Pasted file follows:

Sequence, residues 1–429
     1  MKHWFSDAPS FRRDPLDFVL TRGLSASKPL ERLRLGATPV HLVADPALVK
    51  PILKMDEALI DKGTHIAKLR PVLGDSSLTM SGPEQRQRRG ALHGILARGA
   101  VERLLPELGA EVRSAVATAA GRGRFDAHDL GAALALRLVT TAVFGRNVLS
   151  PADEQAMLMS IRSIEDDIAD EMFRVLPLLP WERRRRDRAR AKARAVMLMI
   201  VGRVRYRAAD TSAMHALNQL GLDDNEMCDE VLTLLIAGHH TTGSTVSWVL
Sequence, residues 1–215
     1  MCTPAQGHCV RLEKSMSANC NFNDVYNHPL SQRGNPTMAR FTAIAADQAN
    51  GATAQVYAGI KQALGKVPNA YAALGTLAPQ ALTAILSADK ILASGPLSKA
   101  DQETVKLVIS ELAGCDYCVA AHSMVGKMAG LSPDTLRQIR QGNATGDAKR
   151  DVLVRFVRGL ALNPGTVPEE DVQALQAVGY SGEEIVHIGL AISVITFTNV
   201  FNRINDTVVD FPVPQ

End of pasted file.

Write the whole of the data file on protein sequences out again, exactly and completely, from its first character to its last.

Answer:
Sequence, residues 1–429
     1  MKHWFSDAPS FRRDPLDFVL TRGLSASKPL ERLRLGATPV HLVADPALVK
    51  PILKMDEALI DKGTHIAKLR PVLGDSSLTM SGPEQRQRRG ALHGILARGA
   101  VERLLPELGA EVRSAVATAA GRGRFDAHDL GAALALRLVT TAVFGRNVLS
   151  PADEQAMLMS IRSIEDDIAD EMFRVLPLLP WERRRRDRAR AKARAVMLMI
   201  VGRVRYRAAD TSAMHALNQL GLDDNEMCDE VLTLLIAGHH TTGSTVSWVL
Sequence, residues 1–215
     1  MCTPAQGHCV RLEKSMSANC NFNDVYNHPL SQRGNPTMAR FTAIAADQAN
    51  GATAQVYAGI KQALGKVPNA YAALGTLAPQ ALTAILSADK ILASGPLSKA
   101  DQETVKLVIS ELAGCDYCVA AHSMVGKMAG LSPDTLRQIR QGNATGDAKR
   151  DVLVRFVRGL ALNPGTVPEE DVQALQAVGY SGEEIVHIGL AISVITFTNV
   201  FNRINDTVVD FPVPQ